(Your editor this week was inspired by the songs of Miss Carol King.)
It seems at least one U.S. television network was so inspired by the success of the Hunger Games movies that they decided it is a good idea to have a reality show that literally borrows from a really messed up episode of the Twilight Zone, reports Kali Holloway over at Raw Story. And who will be starring in this new show? You guessed it, poor people:
As if to prove there are new depths to be plumbed in the world of reality television (because who knew?), CBS just debuted The Briefcase, a show which takes poverty porn, class anxiety, emotional manipulation and exploitation and packages them all neatly into a pretty despicable hour of primetime television. Kicking off each episode with the question, “What would you do with $101,000?” the show then deep-dives into a competition that asks two unwitting, financially strapped families to choose between two no-win options: being financially solvent yet appearing heartless and greedy, or drowning in debt yet having audiences recognize them as selfless and giving.
CBS's decision to literally profit off impoverished Americans is more than just a story of corporate greed, but rather something tragically reflective of the times. Income inequality in the United States has soared in recent years, reaching levels not seen since 1928. Meanwhile, with living costs up and median household income now lower than in 1999, more and more people are struggling to get by. As a result, show like The Briefcase become painfully more relevant...
In the fiscal year 2014, CBS chief Les Moonves made in excess of $54 million, Vulture reported. In other words, he made more in a day than the entire amount each family is competing for. For him and other CBS executives to take American's economically vulnerable and force them into a bizarre cage match of faux-selflessness is just sick. Rather than gawking at poverty, CBS, and everyone else should be looking for ways to eliminate it.
Newt Gingrich and Van Jones joined together to protest the U.S. prison system in an op-ed in CNN, and argue that new incentives are needed at every step of the corrections system to reduce recidivism and break the poverty cycle:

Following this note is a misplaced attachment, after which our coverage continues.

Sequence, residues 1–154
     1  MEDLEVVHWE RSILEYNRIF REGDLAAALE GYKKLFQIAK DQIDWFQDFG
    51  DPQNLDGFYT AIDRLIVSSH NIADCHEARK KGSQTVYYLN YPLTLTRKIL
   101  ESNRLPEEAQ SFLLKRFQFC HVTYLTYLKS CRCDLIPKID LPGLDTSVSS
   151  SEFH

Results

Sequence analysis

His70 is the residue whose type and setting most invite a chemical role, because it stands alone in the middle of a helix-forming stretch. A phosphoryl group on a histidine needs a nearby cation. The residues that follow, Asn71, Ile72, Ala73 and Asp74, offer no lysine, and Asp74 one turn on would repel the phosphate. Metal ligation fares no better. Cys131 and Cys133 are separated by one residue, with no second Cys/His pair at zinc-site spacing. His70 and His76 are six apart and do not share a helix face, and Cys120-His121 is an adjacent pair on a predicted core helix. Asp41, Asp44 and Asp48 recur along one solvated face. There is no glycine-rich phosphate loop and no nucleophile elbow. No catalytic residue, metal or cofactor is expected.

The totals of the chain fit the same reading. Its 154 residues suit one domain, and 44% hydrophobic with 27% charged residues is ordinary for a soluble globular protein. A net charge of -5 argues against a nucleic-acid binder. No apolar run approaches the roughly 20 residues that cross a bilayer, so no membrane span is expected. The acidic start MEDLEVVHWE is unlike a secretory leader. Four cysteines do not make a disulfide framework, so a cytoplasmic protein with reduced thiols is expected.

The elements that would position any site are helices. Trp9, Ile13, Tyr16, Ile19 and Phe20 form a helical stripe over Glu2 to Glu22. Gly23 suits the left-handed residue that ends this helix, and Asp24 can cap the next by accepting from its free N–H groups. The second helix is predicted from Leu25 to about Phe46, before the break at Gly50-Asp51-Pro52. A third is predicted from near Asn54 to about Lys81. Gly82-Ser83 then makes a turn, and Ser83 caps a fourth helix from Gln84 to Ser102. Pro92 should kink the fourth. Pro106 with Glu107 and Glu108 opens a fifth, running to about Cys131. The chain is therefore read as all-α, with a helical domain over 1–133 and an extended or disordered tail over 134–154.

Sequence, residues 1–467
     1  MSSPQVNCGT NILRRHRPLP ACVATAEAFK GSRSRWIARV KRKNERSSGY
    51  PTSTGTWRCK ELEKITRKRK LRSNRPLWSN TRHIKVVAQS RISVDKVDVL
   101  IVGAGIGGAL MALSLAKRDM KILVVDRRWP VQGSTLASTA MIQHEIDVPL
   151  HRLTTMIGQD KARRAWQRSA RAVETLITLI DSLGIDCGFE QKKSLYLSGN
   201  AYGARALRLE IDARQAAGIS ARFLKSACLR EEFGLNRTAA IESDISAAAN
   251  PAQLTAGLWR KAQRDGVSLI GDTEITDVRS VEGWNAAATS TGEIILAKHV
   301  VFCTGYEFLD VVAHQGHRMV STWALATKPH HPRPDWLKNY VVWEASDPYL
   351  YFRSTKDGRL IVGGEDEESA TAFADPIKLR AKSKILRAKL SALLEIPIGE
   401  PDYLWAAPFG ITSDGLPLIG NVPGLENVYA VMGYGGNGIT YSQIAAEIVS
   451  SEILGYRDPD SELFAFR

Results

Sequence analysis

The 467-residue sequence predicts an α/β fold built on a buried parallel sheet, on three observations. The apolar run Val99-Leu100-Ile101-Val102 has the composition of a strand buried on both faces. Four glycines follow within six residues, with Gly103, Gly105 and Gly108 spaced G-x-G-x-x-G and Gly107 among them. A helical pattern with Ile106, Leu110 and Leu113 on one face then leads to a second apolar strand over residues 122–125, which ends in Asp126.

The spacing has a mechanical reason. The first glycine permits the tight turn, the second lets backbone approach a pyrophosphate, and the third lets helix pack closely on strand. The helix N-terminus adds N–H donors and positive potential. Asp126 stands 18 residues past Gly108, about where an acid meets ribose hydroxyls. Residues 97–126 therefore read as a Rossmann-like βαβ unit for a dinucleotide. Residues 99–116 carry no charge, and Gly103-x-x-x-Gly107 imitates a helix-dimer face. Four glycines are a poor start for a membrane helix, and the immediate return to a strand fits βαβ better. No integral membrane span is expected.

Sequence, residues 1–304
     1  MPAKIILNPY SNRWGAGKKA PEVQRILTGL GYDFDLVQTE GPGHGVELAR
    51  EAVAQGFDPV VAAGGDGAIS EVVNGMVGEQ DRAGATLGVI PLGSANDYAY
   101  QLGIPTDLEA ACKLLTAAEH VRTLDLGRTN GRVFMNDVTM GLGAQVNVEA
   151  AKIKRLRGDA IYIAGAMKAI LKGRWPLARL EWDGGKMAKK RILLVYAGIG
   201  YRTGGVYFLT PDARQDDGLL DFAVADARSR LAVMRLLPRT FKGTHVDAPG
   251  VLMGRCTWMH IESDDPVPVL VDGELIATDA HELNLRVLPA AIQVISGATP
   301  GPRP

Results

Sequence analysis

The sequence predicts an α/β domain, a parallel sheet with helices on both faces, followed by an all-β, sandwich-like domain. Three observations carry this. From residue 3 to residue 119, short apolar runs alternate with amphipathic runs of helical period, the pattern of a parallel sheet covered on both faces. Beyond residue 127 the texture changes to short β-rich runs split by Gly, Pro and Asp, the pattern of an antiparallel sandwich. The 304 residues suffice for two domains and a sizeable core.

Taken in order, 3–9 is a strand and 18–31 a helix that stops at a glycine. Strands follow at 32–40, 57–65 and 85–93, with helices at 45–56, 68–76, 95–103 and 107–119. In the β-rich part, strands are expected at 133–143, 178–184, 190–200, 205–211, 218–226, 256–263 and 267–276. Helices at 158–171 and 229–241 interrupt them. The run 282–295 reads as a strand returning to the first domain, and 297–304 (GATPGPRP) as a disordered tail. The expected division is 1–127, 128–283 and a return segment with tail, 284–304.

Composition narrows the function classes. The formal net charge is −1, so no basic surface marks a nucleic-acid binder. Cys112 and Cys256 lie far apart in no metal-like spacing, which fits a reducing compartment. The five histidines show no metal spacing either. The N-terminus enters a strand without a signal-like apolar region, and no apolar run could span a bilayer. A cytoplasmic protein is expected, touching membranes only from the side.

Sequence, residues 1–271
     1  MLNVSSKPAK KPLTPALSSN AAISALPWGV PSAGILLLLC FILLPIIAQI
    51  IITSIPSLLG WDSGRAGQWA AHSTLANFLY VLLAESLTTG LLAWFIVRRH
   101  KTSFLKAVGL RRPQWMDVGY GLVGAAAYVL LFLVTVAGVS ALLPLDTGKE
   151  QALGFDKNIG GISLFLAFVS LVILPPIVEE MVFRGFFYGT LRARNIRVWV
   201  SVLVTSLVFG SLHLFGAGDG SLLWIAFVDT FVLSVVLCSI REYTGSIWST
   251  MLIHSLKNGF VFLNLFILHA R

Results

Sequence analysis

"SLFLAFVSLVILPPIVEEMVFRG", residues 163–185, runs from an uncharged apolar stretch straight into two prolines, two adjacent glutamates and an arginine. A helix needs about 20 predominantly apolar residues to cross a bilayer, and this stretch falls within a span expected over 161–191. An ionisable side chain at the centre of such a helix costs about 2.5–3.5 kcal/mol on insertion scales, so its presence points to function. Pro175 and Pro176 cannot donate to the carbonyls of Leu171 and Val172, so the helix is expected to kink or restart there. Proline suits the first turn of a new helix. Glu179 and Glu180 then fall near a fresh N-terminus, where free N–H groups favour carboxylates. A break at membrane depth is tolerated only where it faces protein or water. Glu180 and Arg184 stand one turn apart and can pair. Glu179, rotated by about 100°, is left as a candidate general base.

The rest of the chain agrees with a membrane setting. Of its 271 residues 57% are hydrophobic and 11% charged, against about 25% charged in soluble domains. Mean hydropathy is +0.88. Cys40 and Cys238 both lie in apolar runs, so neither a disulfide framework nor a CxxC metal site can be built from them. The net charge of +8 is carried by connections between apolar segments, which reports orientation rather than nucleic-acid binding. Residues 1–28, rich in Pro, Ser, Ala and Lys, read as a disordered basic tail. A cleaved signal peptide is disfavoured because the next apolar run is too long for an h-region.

We know that inmates who earn a GED while incarcerated are substantially less likely to return to prison. There are readily available online tools that our prisons could use extensively for a minimal cost to increase the number of inmates receiving valuable education and skills training.
Khan Academy has replicated virtually the entire K-12 curriculum online for free. Udacity and other online education sites offer introductions to software programming for free. Our prisons should be using tools such as these extensively. They offer the opportunity to interrupt the cycle of poverty, a failing education system, crime and incarceration.
At most prisons, however, inmates would never be allowed to spend eight hours a day working on educational courses and are instead forced to mill about their cells with little or nothing to occupy their time.
Over at Shelter Force, George Washington University's Gregory Squires looks at the dueling narratives around poverty and place, do we move people out of places of poverty or transform those places:
In progressive community development circles there is one group of organizations whose focus is on fighting gentrification, advocating for reinvestment in traditionally underserved neighborhoods recently discovered by many professionals and middle income families, and assisting long term residents in their efforts to remain in their neighborhoods. A second group focuses on fair housing (and fair lending) issues and advocates mobility policies to help racial minorities and poor people relocate to neighborhoods previously closed to them. These are not mutually exclusive policy agendas and, again, most of these organizations have sympathies for both. But they are growing apart in some ways...